Days of our Lives
October 2, 2008
The exhibition will change day to day as Murchie adds and removes works from the walls. Ideally he hopes there’ll be some form of encouragement for museum-goers to respond to the exhibition being created before their eyes.
Although he has some idea of the works waiting for him in the Nickle’s vaults, it’s nothing more than what he’s read about on their website. He’s trying to stay as blank as possible and waiting to see what’s there.
“It’s quite possible I’ll get there and walk upon some art that really strikes me, and discover that not only does it strike me but the last time it’s been shown was 1982. It may have whatever characteristic—where they’re from, when they were alive—that may set the whole thing going in one direction.”
But Murchie is doubtful that any real thesis will evolve. By the time he’s done the gallery could have a slight course of idea, or it may just be a salon hanging of a bunch of things. He is attracted to the idea there are possibly hundreds of objects that never see the light of day.
“I can’t believe that there’s not this huge wealth of visual and intellectual delights that are there. I’m more excited about exploring the territory as it were personally, and then trying not to make sense of that for people but create the opportunities for sense to be made.”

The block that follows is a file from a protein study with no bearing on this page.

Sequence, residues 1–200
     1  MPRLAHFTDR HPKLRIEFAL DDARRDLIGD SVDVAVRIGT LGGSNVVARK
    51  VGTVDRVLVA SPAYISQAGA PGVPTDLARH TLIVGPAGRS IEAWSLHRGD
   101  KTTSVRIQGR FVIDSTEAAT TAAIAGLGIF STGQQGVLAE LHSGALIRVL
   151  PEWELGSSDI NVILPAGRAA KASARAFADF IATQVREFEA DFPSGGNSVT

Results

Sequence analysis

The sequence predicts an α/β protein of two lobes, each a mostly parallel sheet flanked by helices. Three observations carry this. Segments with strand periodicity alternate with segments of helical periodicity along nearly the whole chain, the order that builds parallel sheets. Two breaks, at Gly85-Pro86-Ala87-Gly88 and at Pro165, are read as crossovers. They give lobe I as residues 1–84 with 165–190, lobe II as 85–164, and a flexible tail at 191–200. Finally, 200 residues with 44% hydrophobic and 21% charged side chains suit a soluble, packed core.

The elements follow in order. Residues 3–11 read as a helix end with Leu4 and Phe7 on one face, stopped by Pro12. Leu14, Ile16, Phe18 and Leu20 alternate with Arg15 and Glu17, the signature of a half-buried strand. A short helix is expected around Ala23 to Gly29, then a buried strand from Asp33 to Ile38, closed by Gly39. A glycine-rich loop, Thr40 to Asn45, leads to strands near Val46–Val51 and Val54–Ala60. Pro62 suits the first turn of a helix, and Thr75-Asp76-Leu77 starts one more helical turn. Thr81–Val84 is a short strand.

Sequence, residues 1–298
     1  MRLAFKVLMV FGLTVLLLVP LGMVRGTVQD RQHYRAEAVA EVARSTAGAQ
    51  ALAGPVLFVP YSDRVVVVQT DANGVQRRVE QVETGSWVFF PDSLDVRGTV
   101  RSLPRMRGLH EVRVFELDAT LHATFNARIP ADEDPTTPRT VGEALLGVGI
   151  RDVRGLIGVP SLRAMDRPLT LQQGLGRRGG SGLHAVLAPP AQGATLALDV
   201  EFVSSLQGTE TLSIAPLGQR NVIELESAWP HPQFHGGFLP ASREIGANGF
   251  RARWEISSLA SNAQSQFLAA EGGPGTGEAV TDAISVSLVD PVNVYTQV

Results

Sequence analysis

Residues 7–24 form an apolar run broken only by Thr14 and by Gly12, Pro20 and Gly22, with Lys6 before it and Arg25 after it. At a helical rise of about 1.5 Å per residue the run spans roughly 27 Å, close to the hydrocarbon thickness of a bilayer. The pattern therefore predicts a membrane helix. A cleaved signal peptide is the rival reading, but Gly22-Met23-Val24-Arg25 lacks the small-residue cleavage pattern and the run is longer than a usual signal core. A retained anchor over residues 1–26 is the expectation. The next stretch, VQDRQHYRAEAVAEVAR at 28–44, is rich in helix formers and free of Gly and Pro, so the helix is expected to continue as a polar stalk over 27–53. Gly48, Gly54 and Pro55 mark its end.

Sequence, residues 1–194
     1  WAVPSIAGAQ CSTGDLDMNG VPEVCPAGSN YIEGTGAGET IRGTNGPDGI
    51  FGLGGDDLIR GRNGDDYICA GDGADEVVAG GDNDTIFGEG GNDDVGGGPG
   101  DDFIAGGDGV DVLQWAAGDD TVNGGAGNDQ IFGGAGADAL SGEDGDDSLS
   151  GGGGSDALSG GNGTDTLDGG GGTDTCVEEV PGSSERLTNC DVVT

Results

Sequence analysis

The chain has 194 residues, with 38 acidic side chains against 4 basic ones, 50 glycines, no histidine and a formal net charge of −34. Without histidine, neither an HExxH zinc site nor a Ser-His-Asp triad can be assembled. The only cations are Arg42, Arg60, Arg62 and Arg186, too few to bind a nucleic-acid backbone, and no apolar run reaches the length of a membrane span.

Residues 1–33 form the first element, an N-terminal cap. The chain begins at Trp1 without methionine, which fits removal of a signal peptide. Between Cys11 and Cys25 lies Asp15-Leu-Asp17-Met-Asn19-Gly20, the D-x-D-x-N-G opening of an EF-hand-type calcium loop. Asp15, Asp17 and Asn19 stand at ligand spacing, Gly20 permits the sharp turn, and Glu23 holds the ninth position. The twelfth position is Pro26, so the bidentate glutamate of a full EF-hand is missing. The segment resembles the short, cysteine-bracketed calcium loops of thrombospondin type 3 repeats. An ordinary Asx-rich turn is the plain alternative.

With more than 40 years of using improvisation in his performance work, and the operation of chance in his formal work, Murchie isn’t too worried about the project not working. Besides, since he’s there everyday if something isn’t feeling right he can take everything down and start again.
“There need to be more odd curatorial projects in the Canadian art world…And as I say to people—it’s only art. No one’s going to die at the end of the day if something doesn’t work.”
Days of Our Lives will be on display from Fri October 3 – Sat October 18 at Calgary’s Nickle Arts Museum.
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